For all the legislation, regulation, debate, and rhetoric that comes out of Congress, the average Congressional office devotes most of its resources to a far less glamorous, and often far less visible, task: dealing with the constituent. From sorting and responding to countless pieces of constituent mail (be they physical or electronic), answering constituent calls, or dealing with casework issues, a large portion of a Congressman's staff is devoted to working with constituents. While this workforce varies in skill and number depending on the size of the Congressman's constituency, the general trend has been consistent in every Congressional office I have visited.
In my Senator's office, for example, we have two receptionists (both of whom spend much of their day on the phone with constituents), a mail scanner, and a team of Legislative Correspondents (LCs), whose responsibilities include responding to mail and meeting with constituent interest groups. We also have, of course, 6 or 7 interns, and much of what we do is tied in to interfacing with the constituent. Oh, and I forgot to mention the many offices we maintain throughout the state, all of which are tasked primarily with casework or other constituent issues.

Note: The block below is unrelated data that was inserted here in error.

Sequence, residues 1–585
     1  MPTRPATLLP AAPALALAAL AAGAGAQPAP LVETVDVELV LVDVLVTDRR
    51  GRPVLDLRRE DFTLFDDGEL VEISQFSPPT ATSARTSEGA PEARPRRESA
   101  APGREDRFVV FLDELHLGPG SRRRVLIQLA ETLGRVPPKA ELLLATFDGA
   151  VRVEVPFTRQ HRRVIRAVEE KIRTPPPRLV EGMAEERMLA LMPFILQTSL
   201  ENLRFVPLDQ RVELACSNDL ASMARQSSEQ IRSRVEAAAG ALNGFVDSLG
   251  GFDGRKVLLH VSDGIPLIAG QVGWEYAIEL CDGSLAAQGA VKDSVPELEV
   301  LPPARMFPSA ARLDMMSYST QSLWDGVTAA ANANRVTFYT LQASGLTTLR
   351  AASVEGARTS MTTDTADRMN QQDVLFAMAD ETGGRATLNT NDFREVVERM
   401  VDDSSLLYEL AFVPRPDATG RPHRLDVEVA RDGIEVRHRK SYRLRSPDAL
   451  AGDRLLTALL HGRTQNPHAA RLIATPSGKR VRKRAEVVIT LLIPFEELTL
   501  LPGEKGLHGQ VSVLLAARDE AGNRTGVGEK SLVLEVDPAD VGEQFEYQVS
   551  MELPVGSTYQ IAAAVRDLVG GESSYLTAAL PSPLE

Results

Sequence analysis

In just a few weeks of working in my Senator's office, I have gathered that, despite the best intentions of the Senator and his staff, the constituent is, in practice, a barrier to productivity. More often than not, the job of an intern on the phones is to shield our busy and thinly-spread staff from angry and confused residents. If we're not on the phones, then we're likely sorting mail, attempting to keep our office running smoothly under the weight of thousands of letters every week. I do not say this as a criticism of the Senator's office. Such organization is both common and necessary. Indeed, the office I work in ascribes a particularly high priority to working with constituents.
What is the value of all this work? Is the Senator likely to be swayed by the fact that an interest group arranged for several hundred of their members to call about one particular issue on one particular afternoon? Is that really what democracy is all about? And even if it did sway his opinion, what is there to be said of the leadership qualities of a man whose principles and opinion can be altered by the number of marks on a tally sheet? Whether it's the staffers in the Senator's office or a group discussion much like our classes, we as a society have created a conception of the ideal citizen - someone whose opinion is informed, yet comes from within, someone who thinks deeply about political issues and may even have original thought to contribute. The best interest of that constituent is the basis of so many political arguments, from members of a government class to members of Congress. There are thousands of optimistic young students across America that devote themselves to public service in the name of that constituent. It is disheartening to learn that, in fact, the pessimists and the nay-sayers were right all along. No wonder Washington is such a cynical town.
I don't know if the ideal constituent is out there anywhere, but if they are, I wish they'd start making themselves known.